Business Taxes: IRD Red Flags in Your Business and How to Fix them

From time to time the IRD picks out some firms (or individuals) to audit their taxes. Many entrepreneurs don’t like it when this happens to their firms. However, it is your legal duty to oblige. Resisting or unlawfully declining to cooperate could land you in big trouble.

Once selected for a review, IRD will sample your records and use this information to judge if a full-scale audit is necessary. If it is, you will receive a letter informing you about the audit, the records they need and how it will happen.

We spoke with tax lawyer Julia Johnson of Saunders & Co Lawyers concerning businesses taxes and the IRD.

If you are wondering what triggers such a move by the IRD, here are a few red flags you should watch out for and tips on how you can fix them.

The red flags

Inconsistent records

The first red flag IRD will pick up on is inconsistent records. If the information on your business taxes such as income tax statements does not tally with your business records like the payroll, it may trigger a full-scale IRD audit. Other inconsistencies on GST and PAYE remittances may also prompt IRD investigators to probe further.

Discrepancies in your supplier payments

Your dealings with suppliers can also attract attention from the IRD investigators. Discrepancies in outflows such supplier payments are common and could trigger a full-scale probe.

Late or missing tax returns

When you fail to file your tax returns or file them late it signals to IRD investigators that all’s not well with your business’ systems. They may probe further to find out if your business taxes are in good shape.

Deviations from the norm

IRD often use available data from their sophisticated analytics system to compare your spending habits with business taxes and other businesses in your industry and area.  If your declarations are lower than your peers, it may raise eyebrows. GST may seem simple but as Julia puts it “GST is the most common cause of PI claims for lawyers each year. My number one take home for clients is that GST is not simple and you should always seek advice.”

What to do if there’s an impending tax audit

Don’t panic, reach out for help

If IRD investigators have sampled your records and feel that there’s need for a deeper inquiry, don’t panic. Instead, reach out for help. If your records are up-to-date and your business’ taxes are compliant, there’s no need to worry. However, they very rarely proceed to audit when there is no concerns from Inland Revenue. In most cases they have spotted unpaid tax. You need to act quickly in engaging a tax lawyer to enable you to utilize the opportunity to provide a voluntary disclosure in order to mitigate shortfall penalties.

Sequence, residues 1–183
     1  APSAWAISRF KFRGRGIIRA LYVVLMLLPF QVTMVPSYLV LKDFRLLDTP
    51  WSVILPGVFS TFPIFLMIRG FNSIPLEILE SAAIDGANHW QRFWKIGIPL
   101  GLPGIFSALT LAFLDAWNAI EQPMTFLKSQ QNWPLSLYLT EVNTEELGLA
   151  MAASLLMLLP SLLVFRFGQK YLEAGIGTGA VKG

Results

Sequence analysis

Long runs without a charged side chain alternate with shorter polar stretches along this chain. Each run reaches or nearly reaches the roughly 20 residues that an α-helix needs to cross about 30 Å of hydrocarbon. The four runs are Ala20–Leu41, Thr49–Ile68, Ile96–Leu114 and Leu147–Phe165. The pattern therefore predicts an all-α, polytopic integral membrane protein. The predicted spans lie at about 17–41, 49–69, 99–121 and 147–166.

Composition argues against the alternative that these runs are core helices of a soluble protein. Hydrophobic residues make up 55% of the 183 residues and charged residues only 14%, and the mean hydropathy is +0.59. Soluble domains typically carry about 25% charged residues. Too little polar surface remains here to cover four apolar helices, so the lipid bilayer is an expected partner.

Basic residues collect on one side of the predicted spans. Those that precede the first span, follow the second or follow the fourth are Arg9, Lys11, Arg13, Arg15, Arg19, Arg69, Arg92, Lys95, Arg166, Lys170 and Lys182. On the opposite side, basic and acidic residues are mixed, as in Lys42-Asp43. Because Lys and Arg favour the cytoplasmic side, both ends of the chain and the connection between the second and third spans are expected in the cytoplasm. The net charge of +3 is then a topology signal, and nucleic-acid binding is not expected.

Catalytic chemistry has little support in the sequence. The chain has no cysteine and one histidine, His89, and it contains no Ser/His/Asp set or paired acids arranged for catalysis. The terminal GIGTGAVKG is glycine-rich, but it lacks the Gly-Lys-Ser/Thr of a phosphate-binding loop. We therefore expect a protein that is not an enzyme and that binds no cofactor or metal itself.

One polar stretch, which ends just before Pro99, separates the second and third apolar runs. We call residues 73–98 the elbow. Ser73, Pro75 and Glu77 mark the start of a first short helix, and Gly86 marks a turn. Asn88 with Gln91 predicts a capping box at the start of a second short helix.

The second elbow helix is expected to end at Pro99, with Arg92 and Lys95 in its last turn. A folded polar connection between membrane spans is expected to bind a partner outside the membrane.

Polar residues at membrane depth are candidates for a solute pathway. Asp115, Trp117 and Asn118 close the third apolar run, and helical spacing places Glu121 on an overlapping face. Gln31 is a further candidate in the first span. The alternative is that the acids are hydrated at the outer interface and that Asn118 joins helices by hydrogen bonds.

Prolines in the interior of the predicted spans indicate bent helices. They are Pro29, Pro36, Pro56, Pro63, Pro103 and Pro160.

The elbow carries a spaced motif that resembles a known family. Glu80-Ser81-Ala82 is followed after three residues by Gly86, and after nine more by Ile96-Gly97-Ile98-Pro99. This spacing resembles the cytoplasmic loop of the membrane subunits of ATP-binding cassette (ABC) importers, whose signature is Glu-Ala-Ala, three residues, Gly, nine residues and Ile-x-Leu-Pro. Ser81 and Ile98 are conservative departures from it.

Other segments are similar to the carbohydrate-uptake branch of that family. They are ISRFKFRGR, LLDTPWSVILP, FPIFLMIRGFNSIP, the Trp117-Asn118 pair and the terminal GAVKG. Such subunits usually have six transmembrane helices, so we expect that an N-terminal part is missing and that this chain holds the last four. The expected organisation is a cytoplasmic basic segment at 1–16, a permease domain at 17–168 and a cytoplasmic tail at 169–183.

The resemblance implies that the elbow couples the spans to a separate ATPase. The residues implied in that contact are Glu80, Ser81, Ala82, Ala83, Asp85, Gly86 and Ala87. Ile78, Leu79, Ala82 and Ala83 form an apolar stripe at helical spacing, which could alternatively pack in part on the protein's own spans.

You may incur fees, but it’ll save you considerable time, and resources as well as keep stress at bay. As Julia puts it, “I don’t have to spend hours researching basic things. I know what questions to ask the client to ascertain the issues, and I know where to look to find the best solutions.”


You don’t have to wait until the IRD comes knocking at your door. It’s better to engage tax experts right from the start. Tax lawyers are particularly important, in Julia’s words, “I analyse the law to ascertain and advise on the client’s tax position and structure and then work with the accountant so that advice flows into the financial accounts, tax returns and business plans.” A Tax Lawyer will also benefit from legal professional privilege whereas an accountant does not. This is especially important when structuring, or during an audit.


Face the issues on your business taxes head-on

If you suspect that IRD will discover stuff that could put you in trouble, it’s better to own up, this is done via a legal process known as a voluntary disclosure. There are financial benefits to doing this, and it can also protect you from criminal prosecution in certain circumstances. Always discuss this with your tax lawyer and seek advice from someone who knows the process and works with it frequently. They should have dealt with the IRD on similar issues before and will be well versed in the process and how to get the best result for you. As Julia says, I spend a lot of time working for clients in negotiations with Inland Revenue, be it voluntary disclosures, tax audits, risk reviews or negotiating payment arrangements and remission of penalties and interest. 

Julia says, “Often with a voluntary disclosure, penalties will be reduced to zero, so it is beneficial to go to Inland Revenue before they come to you. If you do not make a voluntary disclosure prior to the notification of an audit, you can still make a voluntary disclosure prior to the commencement of the auditwhich can  reduce any penalty by 40 per cent.”


Lastly, form new partnerships going forward

The red flags mentioned above could trigger a full-scale IRD audit. They are often due to operational lapses when handling business taxes. Although a tax lawyer can help you mitigate the effect and impact of a tax audit, you should set your eyes on a better solution. You should avoid recurrence. Consider entrenching the services of a tax lawyer in the business strategy building. It’ll help you to streamline taxation in the long-run. Plus, it’s much cheaper, and less stressful. As Julia puts it, “It is often cheaper to involve a tax expert from the early stages of any financial advice or structuring, as they will usually provide valuable assistance with efficiency and accuracy, and thus complement the services provided by the accountant.”


Important; This article is high level and does not cover all of the possible issues on this topic. It is intended for informational purposes only and you should seek specialist tax advice for personalised advice.

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